I have obtained copies of the materials submitted by the developer in support of the proposed senior residential development at 215 High Street. These materials are available in the town planner's office for residents to review prior to the public hearing on Tuesday, April 8, 7:30pm at Thurston Middle School, but I thought some of these items would be interesting for people to download and read at home.

The most interesting document with applicability far beyond this particular development—and key to understanding the market conditions driving the creation of senior residential housing in Westwood—is a draft market study prepared by LDS Consulting Group of Newton.

The market study is, depending on your income perspective or bias, either a disturbing dose of reality as to the affluence expected of seniors who wish to live in Westwood, or an indication or a market ripe for development. According to the study, we are a community of close to million dollar homes (avg 2013 home sale = $845K) where most senior citizens (55%) make over $100K per year.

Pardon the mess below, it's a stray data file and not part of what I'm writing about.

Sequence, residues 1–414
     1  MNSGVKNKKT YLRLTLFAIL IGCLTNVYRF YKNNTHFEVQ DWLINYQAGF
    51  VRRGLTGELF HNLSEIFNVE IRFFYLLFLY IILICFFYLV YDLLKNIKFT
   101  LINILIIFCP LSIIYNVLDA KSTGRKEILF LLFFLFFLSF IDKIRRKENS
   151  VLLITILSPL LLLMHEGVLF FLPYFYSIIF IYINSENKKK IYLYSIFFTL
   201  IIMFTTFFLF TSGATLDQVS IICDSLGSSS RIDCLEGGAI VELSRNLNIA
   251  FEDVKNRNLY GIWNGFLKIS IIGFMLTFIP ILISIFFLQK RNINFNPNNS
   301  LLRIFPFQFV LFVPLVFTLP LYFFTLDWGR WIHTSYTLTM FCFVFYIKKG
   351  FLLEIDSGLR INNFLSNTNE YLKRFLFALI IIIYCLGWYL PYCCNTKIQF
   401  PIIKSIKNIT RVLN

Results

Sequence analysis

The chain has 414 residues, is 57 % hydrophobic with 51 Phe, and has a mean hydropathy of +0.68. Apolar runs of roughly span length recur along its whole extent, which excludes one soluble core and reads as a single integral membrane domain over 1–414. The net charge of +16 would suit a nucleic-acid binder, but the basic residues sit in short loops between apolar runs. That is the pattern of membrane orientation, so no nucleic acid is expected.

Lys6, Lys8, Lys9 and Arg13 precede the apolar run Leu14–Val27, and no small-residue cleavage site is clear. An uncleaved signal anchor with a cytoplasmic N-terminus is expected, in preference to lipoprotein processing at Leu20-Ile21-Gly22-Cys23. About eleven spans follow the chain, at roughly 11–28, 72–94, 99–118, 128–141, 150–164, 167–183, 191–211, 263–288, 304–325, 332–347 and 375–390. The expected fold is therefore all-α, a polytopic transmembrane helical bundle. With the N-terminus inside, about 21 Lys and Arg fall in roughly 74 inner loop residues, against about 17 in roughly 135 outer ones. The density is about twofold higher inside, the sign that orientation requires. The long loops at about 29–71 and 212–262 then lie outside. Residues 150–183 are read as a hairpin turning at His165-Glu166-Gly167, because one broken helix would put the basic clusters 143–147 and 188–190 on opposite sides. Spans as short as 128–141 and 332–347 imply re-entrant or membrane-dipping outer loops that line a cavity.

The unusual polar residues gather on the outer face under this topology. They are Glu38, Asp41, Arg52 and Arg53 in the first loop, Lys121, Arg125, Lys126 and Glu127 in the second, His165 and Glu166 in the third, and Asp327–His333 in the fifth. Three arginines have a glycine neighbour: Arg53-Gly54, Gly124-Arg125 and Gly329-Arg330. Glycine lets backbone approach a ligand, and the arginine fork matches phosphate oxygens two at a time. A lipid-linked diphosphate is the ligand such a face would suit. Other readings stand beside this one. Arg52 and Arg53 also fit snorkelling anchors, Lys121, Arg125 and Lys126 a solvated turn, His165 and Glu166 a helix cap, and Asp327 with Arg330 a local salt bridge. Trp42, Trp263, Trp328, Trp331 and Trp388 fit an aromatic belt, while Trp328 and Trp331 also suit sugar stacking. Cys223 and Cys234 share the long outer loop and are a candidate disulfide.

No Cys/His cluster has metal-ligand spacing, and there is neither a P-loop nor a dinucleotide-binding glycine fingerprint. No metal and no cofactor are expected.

A market study has very little to do with residents' concerns about traffic and safety, but it does establish, with over sixty pages of data and analysis, a lot of facts that may inform discussion. It is healthy to review this data, and to read the analysis of neighboring developments to get a sense of the magnitude of a development boom that stands in dramatic contrast to the depression era of 2008 when the weeds began to sprout at Westwood Station.

Of greater interest to residents concerned with this development, here and now, is the RKG Associates draft report of fiscal and economic impacts. This report estimates the development will net the town $125K/year in property taxes after all expenses. A traffic impact and safety study "indicates that the existing roadway network can accommodate the additional vehicular traffic generated by the proposed development project, with minimal impacts on traffic operations." Additional materials commissioned by the developer and submitted as part of the application include a water system study, storm water planenvironmental site assessment, site plan, the special permit application, and a marketing package.

I am attaching the documents to this post. I am not taking a position on the project—nor do I believe this particular project is of special significance versus others—but I wanted to see if sharing the materials online would be helpful to the process and promote a thoughtful, constructive discussion.

Syndicate content